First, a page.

six thousand troops. In March be
stormed tbe Alamo at Han Autouio and
massacred its defenders. At Han Jacinto
be was defeated by the Texan army
under Huuaton, and in April, 1831, was
by him taken prisoner. His functions as
president were thereupon suspended.
He came to tbe United States, and in
1837 returned to Mexico and stood lor
re-election, bat was defeated. Upon tbe
Isiubardmeut of Vera Crux by tbe
French, the same year, be assisted in its
defense, and there received tbe wound
which rcenlted in tbe amputation of a
leg. During tbe long contest between
tbe Centralists and Federalists be was a
leader of tbe former, and from 1841 to
1844 was virtually dictator, nudcr tbe
title of provisional president. Under
the instrument of reconstruction of
June 12, 1843, be again tiecame const!
tutional president, but Beptember 20,
1844, be was deposed by a new revola
lion, taken prisoner and banished for
ten years. He then took up his re i
deuce in Cuba. In 1840 he was recalled,
appointed generalissimo, and subse
quently made provisional president. He
at onoe marcbid northward with 20,000
men, and February 22, 1847, attacked
the American troops at Burns Vista, five
thousand strong, under General Taylor,
who repulsed bitn tbe next ilay. He
then raised a new armv and was again
defeated by General Boott at Cerro Gor
do, April 18. He at once retreated to
lie- city of Mexico with tbe fragment of
bis army, and organised a uew one,
30,000 strong, for tbe defense of tbe
capital; but the storming of Moliuo del
Rey, Beptember 8, and Cbapnltepec
September 13 and 14, 1847, opened tbe
city to Soott's victorious army. Banta
Anna made a last stand at Pueblo, bat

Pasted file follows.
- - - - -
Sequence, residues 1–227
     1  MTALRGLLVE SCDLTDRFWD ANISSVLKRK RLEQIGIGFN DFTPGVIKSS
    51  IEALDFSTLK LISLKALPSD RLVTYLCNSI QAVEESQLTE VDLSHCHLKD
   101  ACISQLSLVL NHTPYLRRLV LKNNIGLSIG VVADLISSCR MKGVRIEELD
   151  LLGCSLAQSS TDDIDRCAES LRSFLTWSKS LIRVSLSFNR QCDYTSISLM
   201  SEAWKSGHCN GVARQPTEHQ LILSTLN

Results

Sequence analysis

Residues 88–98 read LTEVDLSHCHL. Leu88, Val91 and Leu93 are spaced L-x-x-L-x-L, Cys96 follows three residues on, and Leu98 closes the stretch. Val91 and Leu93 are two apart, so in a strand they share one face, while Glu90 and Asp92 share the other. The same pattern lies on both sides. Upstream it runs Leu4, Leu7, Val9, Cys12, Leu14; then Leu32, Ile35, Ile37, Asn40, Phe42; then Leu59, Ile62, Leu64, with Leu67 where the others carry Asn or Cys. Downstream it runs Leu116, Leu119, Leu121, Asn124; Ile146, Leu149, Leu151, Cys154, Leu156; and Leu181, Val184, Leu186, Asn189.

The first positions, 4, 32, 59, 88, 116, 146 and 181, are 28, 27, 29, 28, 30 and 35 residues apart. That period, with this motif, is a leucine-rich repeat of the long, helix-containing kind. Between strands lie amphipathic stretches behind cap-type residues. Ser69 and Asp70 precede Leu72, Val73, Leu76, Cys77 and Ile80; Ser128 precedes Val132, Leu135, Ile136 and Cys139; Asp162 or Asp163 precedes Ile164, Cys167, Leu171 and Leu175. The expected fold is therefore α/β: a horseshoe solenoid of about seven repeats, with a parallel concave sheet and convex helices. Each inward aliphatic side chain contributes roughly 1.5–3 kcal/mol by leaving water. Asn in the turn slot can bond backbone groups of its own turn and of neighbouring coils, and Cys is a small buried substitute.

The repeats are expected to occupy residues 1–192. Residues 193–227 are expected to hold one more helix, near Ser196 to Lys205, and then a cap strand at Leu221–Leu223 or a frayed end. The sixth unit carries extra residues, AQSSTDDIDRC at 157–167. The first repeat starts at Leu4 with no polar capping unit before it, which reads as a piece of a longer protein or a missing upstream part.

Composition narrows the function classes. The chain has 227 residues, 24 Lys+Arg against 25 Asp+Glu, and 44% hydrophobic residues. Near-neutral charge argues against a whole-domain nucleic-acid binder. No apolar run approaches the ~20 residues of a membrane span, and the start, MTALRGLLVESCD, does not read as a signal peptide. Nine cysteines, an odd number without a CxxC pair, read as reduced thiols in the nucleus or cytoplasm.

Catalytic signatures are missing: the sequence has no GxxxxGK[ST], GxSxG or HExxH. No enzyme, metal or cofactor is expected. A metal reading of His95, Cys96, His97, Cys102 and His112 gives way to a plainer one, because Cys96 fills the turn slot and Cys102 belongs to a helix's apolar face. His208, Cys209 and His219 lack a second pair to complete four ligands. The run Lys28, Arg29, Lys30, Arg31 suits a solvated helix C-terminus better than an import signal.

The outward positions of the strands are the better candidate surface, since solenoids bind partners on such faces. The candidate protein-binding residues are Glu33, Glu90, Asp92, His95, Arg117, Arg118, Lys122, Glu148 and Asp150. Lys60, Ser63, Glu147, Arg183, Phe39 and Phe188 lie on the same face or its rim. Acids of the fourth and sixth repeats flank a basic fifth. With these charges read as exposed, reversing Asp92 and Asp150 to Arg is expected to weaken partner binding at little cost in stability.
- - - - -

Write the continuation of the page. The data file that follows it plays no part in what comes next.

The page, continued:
was attacked by General Lane at Hum
mantia and forced to retire. Hy per mi*
ion of the American commander be
nailed for Jamaica Apiil 5, IH4B. and did
n>t return to Mexico till 1853, when be
wn* appointed president for life, with
power to appoiut bis suoccamr. His
rule was so despotic that a r-wilution
led by General A1 rari-X overthrew bim.aud
Augti>t 16, 1855, be Rigned bis uncondi
tional alalicaUon and sailed for Havana.
During tbe French invasion of Mexico
be returned and wan appointed grand
marshal of tbe empire by Maximilian.
In IHGS be conspired against the em
peror and wa* forced to retire to St.
Thomas In 1867 be made bis last at
tempt to regaiu tbe master y of Mt-xioo,
but was taken prisoner at Vera Crux and
coudemued to death. President Juarer
pardoned him on condition of his quitting
Mexican soil forever, and be came to tbe
United Slates. After the death of
Juarex be returned to hia native anil and
lived in seclusion in the city of Mexico
till tbe time of bis death.
The Sioux Chief Bitting Itali.
Mr. Magintiia, of Montana, in tbe
United States House, during a discus
sion on tbe ludion question, gave the
following history of Hitting Hull;
Tbe first time I hat Bitting Bull be
came known to tbe people of this nation
was daring tbe great Minnesota massacre
in 1%2. In 1863 he fought Sully in
tbe Illack Hills. In 1864 he ravaged
the Missouri river, attacking several
steamboats. In 1865 he made war upon
tbe peaceable Indiana. Iu 1866 the
government sent out a peace commis
sion to Fort Yuma, which gsve him
presents, including twenty kegs of
powder, and as soon as be got tbe prea
eiite he broke up tbe commission and
drove sway the commissioners. In 1867
he continued s c ireer of predatory war
fare. 1868, when this treaty was made
at Laramie, be refused to come iu and
lie a party to it. In 1869 he attacked
tlic settlement on tbe Musser Hhell,
which waa the first time be was ever de
feated, liecause tbe settlers had got no
tice of bis coming and bad ambuscaded
him and killed thirty-six of bis war
riors. In that same year he made war
upon the Crows and the Mandans. In
1870 Gen. Hancock thought of an expe
dition to anbdne him. About that time
this peaoc policy fever was raging, and
on consulta-ion with the other generals
of tbe army, Gen. Hancock recom
mended that another effort should be
made by the government to make a
treaty with Bitting Bull. In tbe sue
oeedmg winter Congress appropriated
#750,000 to buy peace from Bitting Bull.
That was the celebrated Tetou Sionx ap
propriation, in regard to the expendi
ture of which some criticism had been
made. Any how, thov suooeededin get